The rate of unemployment measures the percentage of people who are not in work, but who are available for and actively seeking work.

It is generally accepted that zero unemployment is unlikely, even when an economy is operating at full capacity. This is due to various factors such as availability of job information, skills and education and the degree of labour mobility. For this reason, a full rate of employment is generally considered to exist when unemployment is around 4% in an economy.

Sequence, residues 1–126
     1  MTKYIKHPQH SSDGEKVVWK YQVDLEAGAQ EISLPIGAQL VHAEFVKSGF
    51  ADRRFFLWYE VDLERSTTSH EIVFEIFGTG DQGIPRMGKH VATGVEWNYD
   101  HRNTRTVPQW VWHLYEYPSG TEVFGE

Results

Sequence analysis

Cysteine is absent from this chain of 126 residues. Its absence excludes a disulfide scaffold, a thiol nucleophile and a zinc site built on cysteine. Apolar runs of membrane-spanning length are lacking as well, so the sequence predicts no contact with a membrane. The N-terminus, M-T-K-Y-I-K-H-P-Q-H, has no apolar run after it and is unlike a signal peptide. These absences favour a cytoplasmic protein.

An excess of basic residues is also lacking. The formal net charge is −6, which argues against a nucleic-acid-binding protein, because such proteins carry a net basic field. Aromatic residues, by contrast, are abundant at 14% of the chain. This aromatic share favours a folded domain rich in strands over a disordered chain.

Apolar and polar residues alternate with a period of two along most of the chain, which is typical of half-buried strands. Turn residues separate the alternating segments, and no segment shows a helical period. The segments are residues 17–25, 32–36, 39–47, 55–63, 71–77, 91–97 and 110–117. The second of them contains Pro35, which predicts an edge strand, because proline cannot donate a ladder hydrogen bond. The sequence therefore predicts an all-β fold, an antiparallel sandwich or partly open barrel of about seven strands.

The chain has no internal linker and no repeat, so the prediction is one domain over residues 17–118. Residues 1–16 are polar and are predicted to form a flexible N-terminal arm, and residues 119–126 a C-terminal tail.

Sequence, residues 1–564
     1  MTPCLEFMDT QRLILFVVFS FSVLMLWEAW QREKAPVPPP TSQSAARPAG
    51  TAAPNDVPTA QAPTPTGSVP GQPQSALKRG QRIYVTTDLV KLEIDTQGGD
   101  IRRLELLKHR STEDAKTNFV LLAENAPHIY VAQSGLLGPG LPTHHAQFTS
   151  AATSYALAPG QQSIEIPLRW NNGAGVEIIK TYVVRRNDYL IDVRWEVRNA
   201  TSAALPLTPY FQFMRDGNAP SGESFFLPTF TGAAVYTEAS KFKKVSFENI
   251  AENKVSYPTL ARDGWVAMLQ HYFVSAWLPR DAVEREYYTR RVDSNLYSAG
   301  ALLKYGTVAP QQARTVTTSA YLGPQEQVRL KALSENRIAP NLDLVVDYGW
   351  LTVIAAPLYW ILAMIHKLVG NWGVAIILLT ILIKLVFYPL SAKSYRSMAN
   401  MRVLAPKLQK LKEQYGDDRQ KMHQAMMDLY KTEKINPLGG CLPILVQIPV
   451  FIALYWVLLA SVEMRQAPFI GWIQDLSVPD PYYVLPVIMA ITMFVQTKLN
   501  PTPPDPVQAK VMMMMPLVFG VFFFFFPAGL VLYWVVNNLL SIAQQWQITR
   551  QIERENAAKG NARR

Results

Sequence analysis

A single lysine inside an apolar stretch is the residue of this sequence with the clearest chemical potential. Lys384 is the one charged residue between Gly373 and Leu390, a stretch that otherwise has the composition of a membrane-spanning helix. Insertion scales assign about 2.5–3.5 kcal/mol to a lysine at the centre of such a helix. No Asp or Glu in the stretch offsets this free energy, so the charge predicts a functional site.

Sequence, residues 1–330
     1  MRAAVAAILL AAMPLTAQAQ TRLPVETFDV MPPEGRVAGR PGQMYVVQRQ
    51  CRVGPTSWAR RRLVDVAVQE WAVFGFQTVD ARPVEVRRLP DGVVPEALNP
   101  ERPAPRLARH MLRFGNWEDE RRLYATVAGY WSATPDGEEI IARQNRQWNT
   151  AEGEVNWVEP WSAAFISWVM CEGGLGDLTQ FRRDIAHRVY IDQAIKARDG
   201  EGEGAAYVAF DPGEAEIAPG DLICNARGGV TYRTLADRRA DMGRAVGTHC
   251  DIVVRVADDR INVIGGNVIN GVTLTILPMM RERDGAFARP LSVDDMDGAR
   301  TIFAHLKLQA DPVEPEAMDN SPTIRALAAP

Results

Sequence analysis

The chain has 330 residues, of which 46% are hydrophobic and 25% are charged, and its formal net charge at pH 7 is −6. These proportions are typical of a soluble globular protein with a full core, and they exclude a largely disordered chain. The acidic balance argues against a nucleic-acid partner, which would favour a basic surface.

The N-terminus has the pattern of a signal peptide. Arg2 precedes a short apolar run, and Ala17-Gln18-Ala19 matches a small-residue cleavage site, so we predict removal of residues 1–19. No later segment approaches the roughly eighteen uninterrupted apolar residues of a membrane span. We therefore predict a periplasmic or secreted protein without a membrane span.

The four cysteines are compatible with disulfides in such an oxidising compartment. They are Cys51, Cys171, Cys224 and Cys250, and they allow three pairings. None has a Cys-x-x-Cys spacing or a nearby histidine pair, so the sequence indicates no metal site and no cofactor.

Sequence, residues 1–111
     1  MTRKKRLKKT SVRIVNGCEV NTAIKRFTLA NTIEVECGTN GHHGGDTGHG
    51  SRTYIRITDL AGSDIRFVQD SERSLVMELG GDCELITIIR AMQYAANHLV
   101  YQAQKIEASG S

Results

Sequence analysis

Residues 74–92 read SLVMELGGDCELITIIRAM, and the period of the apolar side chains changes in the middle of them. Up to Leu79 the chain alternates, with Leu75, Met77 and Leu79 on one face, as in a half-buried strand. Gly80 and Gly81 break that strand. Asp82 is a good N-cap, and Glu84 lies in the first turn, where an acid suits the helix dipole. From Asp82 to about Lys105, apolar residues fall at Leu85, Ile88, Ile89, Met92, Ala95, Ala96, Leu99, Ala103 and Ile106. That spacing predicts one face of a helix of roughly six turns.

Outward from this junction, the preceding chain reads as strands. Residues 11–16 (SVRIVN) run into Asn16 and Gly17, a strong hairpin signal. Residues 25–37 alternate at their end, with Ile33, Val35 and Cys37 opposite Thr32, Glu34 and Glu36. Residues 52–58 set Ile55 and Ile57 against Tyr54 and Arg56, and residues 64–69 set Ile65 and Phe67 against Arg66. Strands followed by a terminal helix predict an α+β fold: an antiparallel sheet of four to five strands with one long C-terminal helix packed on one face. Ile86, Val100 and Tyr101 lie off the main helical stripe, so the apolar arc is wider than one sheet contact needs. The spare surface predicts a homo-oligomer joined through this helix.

Short-term Trends


Unemployment Rate %
CSO – Labour Force Survey

Long Term Trends

The Irish economy has gone through significant structural change since 2008. This is particularly reflected in the employment numbers in the economy. The number of persons in employment decreased from the peak of 2,160,000 in Q1 2008 to 1,832,700 in Q3 2012. As of the 4th quarter of 2016, employment numbers stood at 2.05 million. Latest available comparable data show that, as of January 2017 the unemployment rate stood at 6.7% in Ireland compared to an EU 28 average of 8.1%.


Source: Statistical Yearbook of Ireland 2016